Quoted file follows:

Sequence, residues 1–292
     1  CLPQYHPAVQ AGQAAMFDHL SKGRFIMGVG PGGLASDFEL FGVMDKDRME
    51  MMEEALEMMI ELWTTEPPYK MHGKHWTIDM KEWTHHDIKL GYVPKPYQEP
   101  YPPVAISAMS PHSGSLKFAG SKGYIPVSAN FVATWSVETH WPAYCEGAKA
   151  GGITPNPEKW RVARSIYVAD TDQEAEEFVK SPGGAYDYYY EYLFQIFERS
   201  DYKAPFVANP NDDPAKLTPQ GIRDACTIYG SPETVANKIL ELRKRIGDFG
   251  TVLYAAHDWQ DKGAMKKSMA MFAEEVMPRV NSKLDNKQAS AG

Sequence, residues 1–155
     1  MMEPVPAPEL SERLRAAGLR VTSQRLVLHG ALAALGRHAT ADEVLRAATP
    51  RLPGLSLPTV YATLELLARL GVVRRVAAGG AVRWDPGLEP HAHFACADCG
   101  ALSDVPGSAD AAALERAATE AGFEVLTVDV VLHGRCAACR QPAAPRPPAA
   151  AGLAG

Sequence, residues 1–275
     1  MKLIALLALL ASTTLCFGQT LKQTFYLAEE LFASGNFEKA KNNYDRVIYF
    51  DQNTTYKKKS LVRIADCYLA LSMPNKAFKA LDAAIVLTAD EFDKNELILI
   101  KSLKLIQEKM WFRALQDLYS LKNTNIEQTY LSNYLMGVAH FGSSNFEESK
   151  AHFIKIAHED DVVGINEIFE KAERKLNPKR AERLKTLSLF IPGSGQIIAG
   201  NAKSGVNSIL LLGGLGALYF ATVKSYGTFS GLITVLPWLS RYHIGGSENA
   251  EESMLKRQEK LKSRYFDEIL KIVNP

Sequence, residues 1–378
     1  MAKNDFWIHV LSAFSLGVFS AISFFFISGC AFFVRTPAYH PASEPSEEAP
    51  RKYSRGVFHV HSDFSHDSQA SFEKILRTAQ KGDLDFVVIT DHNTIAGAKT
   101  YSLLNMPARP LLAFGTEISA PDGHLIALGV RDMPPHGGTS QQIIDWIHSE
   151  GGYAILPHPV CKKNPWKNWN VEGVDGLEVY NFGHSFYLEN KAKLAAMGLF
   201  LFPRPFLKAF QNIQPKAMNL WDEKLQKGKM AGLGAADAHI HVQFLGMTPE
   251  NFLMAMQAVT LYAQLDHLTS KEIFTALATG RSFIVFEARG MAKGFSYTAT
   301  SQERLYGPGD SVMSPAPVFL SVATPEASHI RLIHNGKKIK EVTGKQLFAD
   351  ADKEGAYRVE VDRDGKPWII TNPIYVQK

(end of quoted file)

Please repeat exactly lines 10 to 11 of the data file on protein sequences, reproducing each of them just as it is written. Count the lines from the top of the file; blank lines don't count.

    51  RLPGLSLPTV YATLELLARL GVVRRVAAGG AVRWDPGLEP HAHFACADCG
   101  ALSDVPGSAD AAALERAATE AGFEVLTVDV VLHGRCAACR QPAAPRPPAA